Rising health care costs in the United States have led seniors affected by Alzheimer’s to travel to other countries for affordable treatment.
In the United States, the financial costs of Alzheimer’s are staggering. According to the Alzheimer’s Association, out-of-pocket costs for Alzheimer’s care total $34 billion. When you add Medicare, Medicaid and other sources, the total cost to the nation comes to around $203 billion.
It’s no surprise that seniors and their families are looking for more affordable options for Alzheimer’s care. Many have found those options in foreign countries.
I received a most interesting and unusual response from caregiver David Duce following the publishing of my previous blog “Long-Distance Caregiving”.
David writes, “After caring for my 94-year-old grandmother with latter stage dementia at home for two years, I relocated her four months ago to a full-care nursing home in Transylvania, Romania.”
Please keep in mind that Dave and his partner are parents of three young children under the age of 10. After his grandfather’s passing Dave became the caregiver of his grandmother. With Dave’s permission I am sharing with you his story.
This article happens to be much more lengthy than others, but I felt the family circumstances deserve notice in order that you may understand what led him to make such a choice for his grandmother’s care.
My granny, we soon discovered, had Alzheimer’s. And within a few months her condition rapidly deteriorated. I brought in a daycare helper for about $800 per week (not nearly enough for the work she did). She cooked, cleaned the house, bathed, and loved Granny like family.
I was 500 miles away with a career, two young children and another on the way. At 92 years of age and still fairly mobile, Granny had a number of small accidents, leaving the sink tap running a couple of times flooding the house, and boiling the kettle dry on more than one occasion.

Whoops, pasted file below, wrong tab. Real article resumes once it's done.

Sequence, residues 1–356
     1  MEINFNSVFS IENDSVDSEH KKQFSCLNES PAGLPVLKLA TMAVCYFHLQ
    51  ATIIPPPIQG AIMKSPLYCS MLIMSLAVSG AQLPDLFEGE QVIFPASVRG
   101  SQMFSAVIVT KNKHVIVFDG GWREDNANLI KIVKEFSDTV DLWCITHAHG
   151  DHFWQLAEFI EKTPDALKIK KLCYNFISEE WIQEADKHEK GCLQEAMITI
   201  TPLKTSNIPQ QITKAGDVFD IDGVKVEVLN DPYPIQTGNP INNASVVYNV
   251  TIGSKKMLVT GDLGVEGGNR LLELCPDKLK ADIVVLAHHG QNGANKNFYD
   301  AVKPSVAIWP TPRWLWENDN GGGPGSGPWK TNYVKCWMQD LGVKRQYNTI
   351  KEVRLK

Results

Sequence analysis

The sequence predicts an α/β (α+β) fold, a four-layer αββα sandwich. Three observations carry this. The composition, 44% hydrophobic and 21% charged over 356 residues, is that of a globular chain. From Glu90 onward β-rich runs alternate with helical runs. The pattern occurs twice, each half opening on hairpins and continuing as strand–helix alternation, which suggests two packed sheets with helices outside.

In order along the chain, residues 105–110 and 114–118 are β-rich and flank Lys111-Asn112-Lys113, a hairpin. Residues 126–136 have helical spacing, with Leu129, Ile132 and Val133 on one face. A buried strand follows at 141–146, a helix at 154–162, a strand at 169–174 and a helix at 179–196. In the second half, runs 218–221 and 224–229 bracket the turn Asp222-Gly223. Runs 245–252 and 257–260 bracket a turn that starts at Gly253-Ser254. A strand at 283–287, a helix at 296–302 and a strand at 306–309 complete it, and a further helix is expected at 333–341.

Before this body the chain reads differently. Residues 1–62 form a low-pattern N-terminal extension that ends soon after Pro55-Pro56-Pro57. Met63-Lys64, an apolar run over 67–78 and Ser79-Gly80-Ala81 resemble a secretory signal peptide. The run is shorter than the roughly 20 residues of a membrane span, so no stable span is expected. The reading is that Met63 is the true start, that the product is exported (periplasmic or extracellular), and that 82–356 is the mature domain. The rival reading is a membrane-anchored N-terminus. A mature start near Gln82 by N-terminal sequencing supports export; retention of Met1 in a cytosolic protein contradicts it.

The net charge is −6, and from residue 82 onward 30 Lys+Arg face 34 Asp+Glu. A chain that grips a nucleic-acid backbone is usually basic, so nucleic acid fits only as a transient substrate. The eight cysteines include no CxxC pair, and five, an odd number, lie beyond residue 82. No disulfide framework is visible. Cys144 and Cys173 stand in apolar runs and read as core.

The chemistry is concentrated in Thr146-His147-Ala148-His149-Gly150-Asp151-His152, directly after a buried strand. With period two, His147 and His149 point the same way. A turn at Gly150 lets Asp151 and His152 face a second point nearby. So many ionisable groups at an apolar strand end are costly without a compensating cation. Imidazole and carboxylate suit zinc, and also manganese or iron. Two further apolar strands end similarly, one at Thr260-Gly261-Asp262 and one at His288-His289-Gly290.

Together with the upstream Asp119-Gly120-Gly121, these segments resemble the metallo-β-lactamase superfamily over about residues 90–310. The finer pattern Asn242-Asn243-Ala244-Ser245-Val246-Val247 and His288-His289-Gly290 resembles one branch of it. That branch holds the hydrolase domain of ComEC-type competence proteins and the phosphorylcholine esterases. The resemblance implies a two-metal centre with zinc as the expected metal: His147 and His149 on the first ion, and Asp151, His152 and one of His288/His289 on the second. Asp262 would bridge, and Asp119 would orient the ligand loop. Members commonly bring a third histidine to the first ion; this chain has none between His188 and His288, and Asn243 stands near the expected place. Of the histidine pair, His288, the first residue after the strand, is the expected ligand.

Then those words I had spoken to her years before came back to haunt me: “No, I won’t put you in a nursing home, Granny.” So I rented her house out for $1150 a month and she was collecting $1500 in Social Security benefits. She had $45,000 from Gramps’ retirement.
We packed her things in a small moving van and we road tripped, singing along the way, “California here we come, right back where we started from..” It’s weird, you know; even in her demented state she would say things that were so true and cutting to the bone. I couldn’t help but question is she there inside trying to get out, or was it me reading into her statements. The connection was subliminal, but it struck a chord deep inside.
We continued with a daycare aid about $1000 per week, and I took over the night care and weekends. I found her naked and confused in the corner of the room a few times in the middle of the night, so I put a safety rail on her bed with bells and a baby monitor next to her so I could hear if she was getting out of bed at night. I could hear when she was restless, and we soon got into a routine midnight bathroom run. She still managed to get up and take off her clothes a few times after that, and I was worried that she was going to take a fall.